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I was a little disturbed by JetBlue’s recent ad, FlyBabies. It was marketed as a “heartwarming” ad, where on a specific JetBlue flight, every time a baby cried, passengers on the flight would get 25% off a future flight, up to a total of 100% off
Yes, I get it. When a baby cries, it is really annoying. And on a plane, when you can’t get away from it, it’s super frustrating. But…. it’s just part of life. Sometimes babies cry when you’re on a plane, and sometimes you sit next to the group of twentysomethings who are starting their Vegas weekend bachelor party early. Part of being an adult is accepting the fact that sometimes things happen that you don’t like, and instead of thinking the worst of someone, we show compassion to our fellow humans.
And we’re not even talking about if kids should be allowed in business class (which is a whole NOTHER story, right?)
I’ve written about similar topics before – Why parents of children flying should NOT give “goodie bags” to fellow passengers. Trust me, 99% of parents with crying babies / toddlers are stressed and doing everything they can to keep their baby from disturbing you and the rest of the people on the plane.
I thought this Huffington Post article captured my thoughts well – “JetBlue’s FlyBabies misses the mark” – a quote from the article
It was not ‘caring, even a simple smile’ that improved the situation for everyone. What improved the situation on that flight was you offering monetary compensation to people, which in turn caused them to ‘show a little caring, even a simple smile.’ JetBlue, you showed me that we need to be paid to be compassionate in moments of inconvenience
So who’s with me here? Can we just show compassion to our fellow humans without having to get paid?
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Because new generation are being taught to be “about themselves” instead of what you said “showing compassion”.
You have very noble thoughts which would work in an ideal world, Dan; but showing compassion to a fellow human being who is perceived to not care at all about the people around him or her can be quite difficult at times…
…and as conscientious a parent as you might be, there is that small percentage of parents who simply do little to nothing to mitigate a situation with their child which creates discomfort to those around them — and that is where the problem lies.
Yes, there are those who are childless who can be equally as insensitive; and there is no excuse for that either…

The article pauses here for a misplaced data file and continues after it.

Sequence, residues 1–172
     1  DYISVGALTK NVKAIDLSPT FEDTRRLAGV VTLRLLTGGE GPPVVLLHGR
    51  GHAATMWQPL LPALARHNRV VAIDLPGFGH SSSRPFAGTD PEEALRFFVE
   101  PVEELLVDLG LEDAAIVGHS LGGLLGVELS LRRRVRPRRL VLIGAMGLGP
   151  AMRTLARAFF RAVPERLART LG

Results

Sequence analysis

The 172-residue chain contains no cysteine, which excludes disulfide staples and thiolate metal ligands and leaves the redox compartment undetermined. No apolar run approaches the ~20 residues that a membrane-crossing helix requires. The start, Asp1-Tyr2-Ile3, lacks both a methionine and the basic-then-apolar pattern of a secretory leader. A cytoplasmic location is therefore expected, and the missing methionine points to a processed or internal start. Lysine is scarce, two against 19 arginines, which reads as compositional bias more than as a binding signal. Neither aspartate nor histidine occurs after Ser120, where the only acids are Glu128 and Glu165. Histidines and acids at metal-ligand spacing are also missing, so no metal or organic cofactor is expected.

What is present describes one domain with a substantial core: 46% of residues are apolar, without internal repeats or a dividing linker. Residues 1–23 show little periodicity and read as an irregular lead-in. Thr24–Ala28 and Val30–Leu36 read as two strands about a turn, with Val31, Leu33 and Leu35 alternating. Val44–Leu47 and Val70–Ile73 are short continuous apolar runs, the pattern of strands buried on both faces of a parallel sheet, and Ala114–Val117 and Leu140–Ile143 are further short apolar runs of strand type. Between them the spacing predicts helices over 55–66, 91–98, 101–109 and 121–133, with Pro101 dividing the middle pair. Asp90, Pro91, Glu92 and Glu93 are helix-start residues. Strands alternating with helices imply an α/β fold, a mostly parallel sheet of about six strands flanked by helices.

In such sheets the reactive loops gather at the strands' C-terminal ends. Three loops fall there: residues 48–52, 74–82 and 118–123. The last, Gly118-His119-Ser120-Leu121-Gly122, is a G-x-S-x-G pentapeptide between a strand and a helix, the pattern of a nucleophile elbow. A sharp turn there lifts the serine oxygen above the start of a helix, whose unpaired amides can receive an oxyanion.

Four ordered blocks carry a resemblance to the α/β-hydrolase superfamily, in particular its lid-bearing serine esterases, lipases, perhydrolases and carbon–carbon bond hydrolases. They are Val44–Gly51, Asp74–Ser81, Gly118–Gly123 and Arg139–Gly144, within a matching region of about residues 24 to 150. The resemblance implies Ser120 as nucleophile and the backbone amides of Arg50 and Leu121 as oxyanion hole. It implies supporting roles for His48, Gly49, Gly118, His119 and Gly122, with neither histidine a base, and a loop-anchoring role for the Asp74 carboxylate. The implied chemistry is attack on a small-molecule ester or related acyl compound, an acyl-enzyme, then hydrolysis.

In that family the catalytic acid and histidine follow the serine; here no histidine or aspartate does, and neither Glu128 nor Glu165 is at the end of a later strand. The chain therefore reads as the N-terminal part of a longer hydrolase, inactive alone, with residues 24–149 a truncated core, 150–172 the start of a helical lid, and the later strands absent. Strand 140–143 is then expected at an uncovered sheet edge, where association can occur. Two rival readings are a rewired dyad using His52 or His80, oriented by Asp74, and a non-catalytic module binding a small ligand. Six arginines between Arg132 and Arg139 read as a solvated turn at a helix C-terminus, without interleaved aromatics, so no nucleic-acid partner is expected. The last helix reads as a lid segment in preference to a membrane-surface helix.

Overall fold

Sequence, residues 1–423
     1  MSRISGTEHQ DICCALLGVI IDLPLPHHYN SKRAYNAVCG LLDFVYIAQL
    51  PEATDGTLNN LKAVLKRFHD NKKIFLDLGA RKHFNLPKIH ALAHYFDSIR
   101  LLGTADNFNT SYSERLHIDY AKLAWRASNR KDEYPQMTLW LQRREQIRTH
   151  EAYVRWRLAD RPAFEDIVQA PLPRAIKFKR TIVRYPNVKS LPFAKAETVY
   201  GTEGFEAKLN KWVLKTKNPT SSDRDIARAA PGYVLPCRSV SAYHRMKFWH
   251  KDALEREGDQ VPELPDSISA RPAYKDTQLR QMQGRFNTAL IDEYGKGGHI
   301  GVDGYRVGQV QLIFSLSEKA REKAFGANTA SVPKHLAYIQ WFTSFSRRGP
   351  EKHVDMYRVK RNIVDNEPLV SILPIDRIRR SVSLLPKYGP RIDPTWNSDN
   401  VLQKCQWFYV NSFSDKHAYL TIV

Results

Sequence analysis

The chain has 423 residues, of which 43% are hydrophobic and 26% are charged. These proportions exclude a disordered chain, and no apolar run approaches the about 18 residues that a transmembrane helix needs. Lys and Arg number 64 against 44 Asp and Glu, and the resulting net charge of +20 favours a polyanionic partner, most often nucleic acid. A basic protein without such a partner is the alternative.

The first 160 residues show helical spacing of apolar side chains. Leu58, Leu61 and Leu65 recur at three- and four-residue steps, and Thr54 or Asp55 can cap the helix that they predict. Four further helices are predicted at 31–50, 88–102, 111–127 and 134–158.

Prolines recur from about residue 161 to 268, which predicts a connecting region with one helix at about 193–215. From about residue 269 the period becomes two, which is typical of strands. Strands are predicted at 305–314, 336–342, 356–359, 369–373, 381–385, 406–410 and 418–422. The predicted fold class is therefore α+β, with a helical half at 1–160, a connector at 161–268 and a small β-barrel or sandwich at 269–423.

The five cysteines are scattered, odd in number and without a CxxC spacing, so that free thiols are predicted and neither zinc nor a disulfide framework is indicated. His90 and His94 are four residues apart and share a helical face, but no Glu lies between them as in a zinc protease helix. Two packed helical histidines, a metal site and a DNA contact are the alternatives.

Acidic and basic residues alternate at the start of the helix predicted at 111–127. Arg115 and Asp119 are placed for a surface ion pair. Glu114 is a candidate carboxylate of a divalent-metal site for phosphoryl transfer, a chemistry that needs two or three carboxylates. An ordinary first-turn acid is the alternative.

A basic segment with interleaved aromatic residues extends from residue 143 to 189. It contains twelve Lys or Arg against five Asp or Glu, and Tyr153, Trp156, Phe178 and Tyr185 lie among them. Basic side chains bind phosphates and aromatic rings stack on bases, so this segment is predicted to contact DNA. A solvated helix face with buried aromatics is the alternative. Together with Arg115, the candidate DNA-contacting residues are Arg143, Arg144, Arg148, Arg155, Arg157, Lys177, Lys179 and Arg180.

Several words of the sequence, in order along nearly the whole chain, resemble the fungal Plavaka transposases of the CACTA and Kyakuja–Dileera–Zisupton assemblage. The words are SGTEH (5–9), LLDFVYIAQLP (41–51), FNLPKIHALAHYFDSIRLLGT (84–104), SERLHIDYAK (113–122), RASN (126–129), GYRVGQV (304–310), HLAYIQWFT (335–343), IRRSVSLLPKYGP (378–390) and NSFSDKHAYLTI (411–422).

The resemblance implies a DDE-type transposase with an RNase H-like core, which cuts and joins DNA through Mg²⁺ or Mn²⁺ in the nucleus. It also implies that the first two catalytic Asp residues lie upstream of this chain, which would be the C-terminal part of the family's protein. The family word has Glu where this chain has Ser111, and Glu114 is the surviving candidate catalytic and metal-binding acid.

…but despite the degree of difficulty, the simple act of expressing compassion and respect would help to mitigate an otherwise unpleasant situation the majority of the time.
There’s no doubt, the world is a better place when we treat each other with empathy and compassion, and in my experience, that’s what happens the vast majority of the time. The thing is, that behavior doesn’t get publicity.
Several years ago my wife’s father died unexpectedly and we had to drop everything and fly to Nicaragua with a 6 month and a 2 year old. It was quite an ordeal to get this trip done, but we did it. As we were lining up to exit the plane the passive-aggressive guy one row behind, one row over and sneered out loud in a voice intended to be heard, “I can’t BELIEVE parents bring kids on planes.”
Ugh… That is the worst. Traveling home from my father’s funeral alone with my then two month old and 18 month old kind of changed my perspective on things…
I was struggling as it was and then throw on the fact that I was traveling alone with two under two… We were flying Southwest and a very nice lady offered to move so I could have the row to myself.
She didn’t know what was going through my head or that my dad had recently passed but that simple act of kindness really helped me feel better.
I think the biggest thing is that people act as if it requires some huge amount of effort on their part to accommodate others. In my experience, the nicest thing someone can do when I struggling with a child on a plane is to smile at me or wave at my child. Those things take two seconds but always bring my stress level down a few notches.